Potato Salad Days

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My favorite, favorite wine is a Sauvignon Blanc out of New Zealand under the White Haven label. I have a longtime friend who lives with his family in New Zealand right now, and despite the distance between us, he’s well aware that this wine is my go to, because I’ve sent him pictures from locations equally exotic like Orange Beach, Alabama that look like this:


In return, when he and his family went on a trip made up exclusively of locations where he could indulge in some day drinking he sent me a picture like this:


How completely thoughtful is that?

Might it have been more thoughtful had he not added the comment, “They say it tastes better here” and instead asked his hosts to send me a case of same said wine from the winery while he was there? Perhaps. But it’s the thought the counts, right? He is very thoughtful, this guy. He’s a friend from my salad days when we were both oh so young and thought we were oh so grown up. And I love that we’re friends still.

I re-read a book recently and these words spoke again to me:

Anything I've lost

The author was referring to Aparigraha, or non-attachment, which is the last Yama in the Patanjali’s Eight Limbs of Yoga. In this strange world we live in today, never has this principle resonated more. I don’t think I’m the only person who took this slower time, this quiet, to reflect on what I find to be most important to me. In the end, don’t those things and ideas that we’ve clung to so tightly also become like so much noise? Sometimes the things on which we place value are not things but people and relationships. I try to remember to hold loosely to those, not because they don’t mean something to me. At times they mean more than almost everything. No, I hold loosely because everything in life comes to us on loan.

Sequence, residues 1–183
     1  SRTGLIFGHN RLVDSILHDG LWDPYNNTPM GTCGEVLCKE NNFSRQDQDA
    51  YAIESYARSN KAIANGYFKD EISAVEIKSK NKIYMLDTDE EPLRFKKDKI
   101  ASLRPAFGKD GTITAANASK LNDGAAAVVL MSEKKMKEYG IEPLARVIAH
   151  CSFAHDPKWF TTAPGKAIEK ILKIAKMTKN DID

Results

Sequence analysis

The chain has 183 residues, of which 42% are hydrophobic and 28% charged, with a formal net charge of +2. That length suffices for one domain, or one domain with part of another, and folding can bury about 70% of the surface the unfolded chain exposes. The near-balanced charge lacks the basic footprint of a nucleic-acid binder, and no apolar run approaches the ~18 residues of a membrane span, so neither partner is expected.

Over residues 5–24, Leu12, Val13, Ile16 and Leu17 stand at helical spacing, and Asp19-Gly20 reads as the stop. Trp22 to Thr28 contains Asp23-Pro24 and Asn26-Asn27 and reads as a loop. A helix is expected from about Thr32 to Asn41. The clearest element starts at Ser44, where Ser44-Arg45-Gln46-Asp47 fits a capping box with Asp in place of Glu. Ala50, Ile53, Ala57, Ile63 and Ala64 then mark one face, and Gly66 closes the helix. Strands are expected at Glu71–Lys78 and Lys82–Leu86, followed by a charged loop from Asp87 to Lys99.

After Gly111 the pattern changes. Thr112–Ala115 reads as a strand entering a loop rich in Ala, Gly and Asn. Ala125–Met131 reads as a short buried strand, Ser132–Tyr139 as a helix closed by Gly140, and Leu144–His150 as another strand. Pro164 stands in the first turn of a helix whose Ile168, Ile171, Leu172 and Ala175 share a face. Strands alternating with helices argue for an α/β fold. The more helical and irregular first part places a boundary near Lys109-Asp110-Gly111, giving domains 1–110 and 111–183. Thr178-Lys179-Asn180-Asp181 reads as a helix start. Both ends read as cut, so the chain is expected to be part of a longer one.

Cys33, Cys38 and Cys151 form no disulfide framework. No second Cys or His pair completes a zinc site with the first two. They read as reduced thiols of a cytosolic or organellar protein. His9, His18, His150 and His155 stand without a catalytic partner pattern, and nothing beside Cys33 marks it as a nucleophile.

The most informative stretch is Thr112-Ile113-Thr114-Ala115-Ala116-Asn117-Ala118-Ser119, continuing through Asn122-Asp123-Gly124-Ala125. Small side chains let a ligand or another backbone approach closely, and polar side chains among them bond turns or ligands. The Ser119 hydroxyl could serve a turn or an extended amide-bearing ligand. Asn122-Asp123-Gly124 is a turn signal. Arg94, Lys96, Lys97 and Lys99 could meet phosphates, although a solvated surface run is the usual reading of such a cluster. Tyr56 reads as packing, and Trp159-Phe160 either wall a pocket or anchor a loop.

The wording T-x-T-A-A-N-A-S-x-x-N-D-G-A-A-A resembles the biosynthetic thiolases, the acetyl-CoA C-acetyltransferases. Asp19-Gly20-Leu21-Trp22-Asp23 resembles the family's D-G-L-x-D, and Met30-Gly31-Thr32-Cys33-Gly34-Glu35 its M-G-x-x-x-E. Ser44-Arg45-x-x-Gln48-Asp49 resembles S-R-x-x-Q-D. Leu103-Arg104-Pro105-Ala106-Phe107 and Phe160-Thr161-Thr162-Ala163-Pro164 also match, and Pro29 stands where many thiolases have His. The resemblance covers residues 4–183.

Keys, money, pets, a broken vase, a loved one, an earring, one sock inexplicably lost in the dryer, a job, a good friend, my mind, a band of gold, a memory, naïveté, a car in the mall parking lot in December, 457 pounds (cumulatively), a bad habit, an identity, a plan, a hat, my heart.

Here’s what I’ve found to be true: Each time I’ve lost something, I’ve gained something, too. 

I lost my grandmother not too long ago, and when I came across an article written by a woman who claimed her grandmother had the best potato salad recipe ever. I thought to myself, challenge accepted, which made me realize that what I gained from that loss is a fiercely competitive streak. You’d understand had you ever had the pleasure of meeting my grandmother.

My apologies for not having the link to this other woman’s potato salad recipe for comparison’s sake, not that you’ll need it, but I submit to you MY grandmother’s potato salad recipe. It’s New York-style and it is so stinking good that it doubles as her macaroni salad recipe. So efficient that woman. And it’s so delish, so simple, so very minimalist. This is the perfect season for a potato salad, so go give it a whirl. Report back how much you love it, too.

Grandma’s BEST Potato Salad

6 potatoes, large (not Idaho)
1 C Hellman’s Real Mayonnaise
1/4 C vinegar plus 1/4 Cup water
1/4 C chopped onions
1/2 C chopped celery
1 tsp salt
1/2 tsp pepper
pinch garlic powder

BOIL potatoes in skins until tender.

POUR off water and let potatoes cool and dry in their skins.

PEEL and slice into mixture of other ingredients, tossing occasionally as you add the slices. If too dry, add lemon and water (half and half), one tablespoon at a time.

CHILL before serving.

Variations: Decorate with fresh or chopped parsley or make it vegan by subbing in your favorite vegan mayo. If you’d like to try out Grandma’s BEST Macaroni Salad, just sub in your favorite elbow macaroni for the potatoes. So, so good!!!

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